Some rag merchants will also buy old clothes by the kilo. You only get around 40p per kilo, but could generate a nice bit of pocket money for those with a lot of dispose of. The clothes get sorted and sold on if of any value, or recycled.

woman at computer holding a credit card doing

(Image credit: Getty)

6. Take old clothes to a charity shop

Let your clothes find love elsewhere by taking them to your local charity shop. Make sure everything is in good condition and clean and they could earn some money for a good cause.

Or... ask your local school if they're planning a jumble sale soon... or your local church might be doing a night shelter that needs extra items. You are awash with choice when it comes to giving them away. 

7. Recycle in a rag bank

Most towns will have a rag bank alongside their other recycling facilities. This is the perfect place for your holey old jeans or that jumper that you shrunk. Rag banks accept most unsoiled cloth and sometimes paired shoes (there is often a shoe bank there too if not) so you can also recycle bed linen and towels.

Rialto grey fitted wardrobe in a loft space

Bespoke clothes storage from Hammonds (opens in new tab) can be designed to fit your space. Here, rails and drawers give clothing a place while accessories and sentimental items are stored in boxes higher up

(Image credit: Hammonds)

How to store your clothes

Good storage is essential, but don't go overboard – the more space you have for stuff, the more likely you are to fill it, right? When it comes to putting everything away, try to leave a little breathing space in your cupboards and drawers as a crammed drawer is hard to keep on top of.

Browse our storage hub page for advice and inspiration. Our clever and stylish bedroom storage ideas are worth a look, too.

8. Hang or fold?

How you store your clothes will largely depend on what kind of bedroom storage you have. If space allows you will want at least one cupboard or wardrobe for items of clothing that need to be hung up. Dresses, skirts, coats, blouses and trousers that are like to crease are best stored this way.

Everything else can be folded. Marie Kondo's KonMari (opens in new tab) method promotes folding your clothes neatly into a rectangle than can be stored upright (see our guide to folding clothes like Marie Kondo or view the video below), allowing you to see everything in your drawer at a glance.

If you are storing clothes on shelves in a walk-in wardrobe or dressing room, you may wish to stack them or store them folded and upright in clothes storage boxes.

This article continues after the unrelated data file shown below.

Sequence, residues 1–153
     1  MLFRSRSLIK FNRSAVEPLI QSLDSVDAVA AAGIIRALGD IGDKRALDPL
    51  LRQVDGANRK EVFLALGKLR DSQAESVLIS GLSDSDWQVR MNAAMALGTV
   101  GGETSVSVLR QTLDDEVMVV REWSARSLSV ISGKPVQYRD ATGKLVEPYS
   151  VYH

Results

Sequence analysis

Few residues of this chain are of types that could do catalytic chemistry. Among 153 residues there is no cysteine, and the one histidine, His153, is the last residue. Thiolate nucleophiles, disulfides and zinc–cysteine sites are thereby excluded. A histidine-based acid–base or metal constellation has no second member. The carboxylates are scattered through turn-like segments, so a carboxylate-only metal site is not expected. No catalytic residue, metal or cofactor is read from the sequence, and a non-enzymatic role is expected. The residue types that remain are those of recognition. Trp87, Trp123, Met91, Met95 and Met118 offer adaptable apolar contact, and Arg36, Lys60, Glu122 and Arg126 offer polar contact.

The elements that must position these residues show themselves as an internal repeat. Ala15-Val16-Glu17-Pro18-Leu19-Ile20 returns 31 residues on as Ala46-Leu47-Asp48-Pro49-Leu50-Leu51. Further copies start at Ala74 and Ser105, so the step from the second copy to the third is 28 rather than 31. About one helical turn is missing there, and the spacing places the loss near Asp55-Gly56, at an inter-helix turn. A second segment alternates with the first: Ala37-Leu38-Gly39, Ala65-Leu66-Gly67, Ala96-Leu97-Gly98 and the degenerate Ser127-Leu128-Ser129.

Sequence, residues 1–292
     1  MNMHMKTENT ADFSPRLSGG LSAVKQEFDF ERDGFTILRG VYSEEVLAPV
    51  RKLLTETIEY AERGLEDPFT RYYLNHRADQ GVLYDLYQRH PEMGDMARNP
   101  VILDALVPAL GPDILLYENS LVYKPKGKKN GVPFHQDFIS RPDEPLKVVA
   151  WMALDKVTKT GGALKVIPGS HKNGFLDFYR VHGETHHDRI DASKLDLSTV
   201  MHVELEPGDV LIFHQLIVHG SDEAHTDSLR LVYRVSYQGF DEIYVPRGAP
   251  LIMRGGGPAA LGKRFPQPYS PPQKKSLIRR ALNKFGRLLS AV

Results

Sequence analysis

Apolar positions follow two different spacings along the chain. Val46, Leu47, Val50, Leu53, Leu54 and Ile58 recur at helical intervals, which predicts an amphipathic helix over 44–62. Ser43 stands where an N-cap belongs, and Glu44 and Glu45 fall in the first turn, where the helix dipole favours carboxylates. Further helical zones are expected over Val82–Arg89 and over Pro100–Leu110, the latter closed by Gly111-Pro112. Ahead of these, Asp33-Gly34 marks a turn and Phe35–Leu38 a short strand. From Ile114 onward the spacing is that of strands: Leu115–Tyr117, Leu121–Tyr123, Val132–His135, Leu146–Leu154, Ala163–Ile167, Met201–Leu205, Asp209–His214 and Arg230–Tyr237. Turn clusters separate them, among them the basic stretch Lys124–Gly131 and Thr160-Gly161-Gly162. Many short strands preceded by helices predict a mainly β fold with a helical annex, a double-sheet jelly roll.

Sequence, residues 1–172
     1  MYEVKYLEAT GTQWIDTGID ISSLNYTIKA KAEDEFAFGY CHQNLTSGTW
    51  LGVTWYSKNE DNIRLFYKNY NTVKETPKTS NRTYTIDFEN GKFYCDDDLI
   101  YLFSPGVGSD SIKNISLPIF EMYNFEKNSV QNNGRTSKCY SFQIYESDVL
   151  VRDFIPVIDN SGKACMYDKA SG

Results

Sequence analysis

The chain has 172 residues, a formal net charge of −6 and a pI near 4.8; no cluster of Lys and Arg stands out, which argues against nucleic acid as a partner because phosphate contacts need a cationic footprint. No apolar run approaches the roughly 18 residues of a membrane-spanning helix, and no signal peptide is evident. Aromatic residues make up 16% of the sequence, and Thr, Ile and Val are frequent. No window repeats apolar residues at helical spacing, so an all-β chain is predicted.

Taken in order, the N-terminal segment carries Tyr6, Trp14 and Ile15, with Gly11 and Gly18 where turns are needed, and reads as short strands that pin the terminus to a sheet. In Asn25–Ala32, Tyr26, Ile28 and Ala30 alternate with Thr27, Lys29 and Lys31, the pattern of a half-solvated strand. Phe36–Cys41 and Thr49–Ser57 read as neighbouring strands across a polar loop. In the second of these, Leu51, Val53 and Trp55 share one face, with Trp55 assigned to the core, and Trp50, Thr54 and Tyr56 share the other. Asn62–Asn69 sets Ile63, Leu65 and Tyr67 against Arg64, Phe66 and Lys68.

In real life, ladies and gents, just do your best.

9. Divide by type

Organise your wardrobe and drawers into groupings that make sense to you. A large drawer for underwear can be split into sections using boxes for neatly folded socks, pants and bras. If you have a lot of clothes for a particular activity, such as working out, you may want to keep them together rather than with other T-shirts or shorts.

Boxes will be your best friend for organising your clothes. Ikea do a great range of storage for compartmentalising (opens in new tab) your drawers but you can use shoe boxes or gift boxes.

Take it from us, once you start organising your drawers like this, it becomes somewhat addictive. 

Keeping your wardrobe tidy

Don't get stuck in a six-month cycle of having to declutter allover again. Stay on top of your closet with these tips.

10. One in, one out

Desperate to stay on top of a hoarding tendency or shopping addiction? Try (really, really hard) to only buy new clothes when you have thrown something else out. Avoid buying imperfect replacements of old items though – you could search forever and not find exactly what you are looking for, then buy something that you never wear.

Sharps dressing room

A combination of rails and drawers is the best choice for clothes storage as shown with this walk-in dressing room by Sharps (opens in new tab)

(Image credit: Sharps)

11. Apply the 'spark joy' mentality when you buy

If you have spent so much time clearing through items only for those which spark joy, why would you bring anything new in to your home that doesn't? Before you buy new clothes, try and get that same feeling. Then, when you get that feeling, apply your mental powers to your stock take and think, 'do I need an 8th pair of black trousers?'.

12. Use a good old shopping list

Try to stop treating shopping for clothes as a leisure activity and base it around what you need rather than what you want (your bank account will thank you). Create a shopping list when you do need new clothes and stick to it. Going with a strong-willed friend who helps you stick to that list is a good idea and can mean you still enjoy buying clothes. No unseemly grappling with him/her in the aisles, though, please.

Dressing room by Ikea

A neatly organised wardrobe doesn't need to be hidden behind doors. Ikea (opens in new tab) have made storage a feature in this room

(Image credit: Ikea)

13. Allow time for laundry and putting clothes away

Try to avoid hurriedly putting everything away after it is washed. Take time to fold or hang your clothes carefully, putting them back where you would expect to find them rather than ramming them in the nearest drawer. You'll never manage this every single time (unless, by now, you're treating wardrobe decluttering as a hobby, obvs), but aiming to give your wardrobe or drawers a quick neaten once a week will keep them tidy.

Good luck.

More on decluttering and cleaning:

Lindsey Davis
Editor in Chief, Homes Ecommerce

Lindsey is Editor of and Editor in Chief for Home Ecommerce at Future. She is here to give you aspirational, yet attainable ideas for your home and works with her team to help you get the best buys, too. She has written about homes and interiors for the best part of a decade for brands including Homes & Gardens, Ideal Home and Gardeningetc and isn't afraid to take the inspiration she finds at work into her own space – a Victorian terrace which she has been (slowly) remodelling for the last eight years. She is happiest sipping a cup of tea with a cat on her lap (if only she had a cat).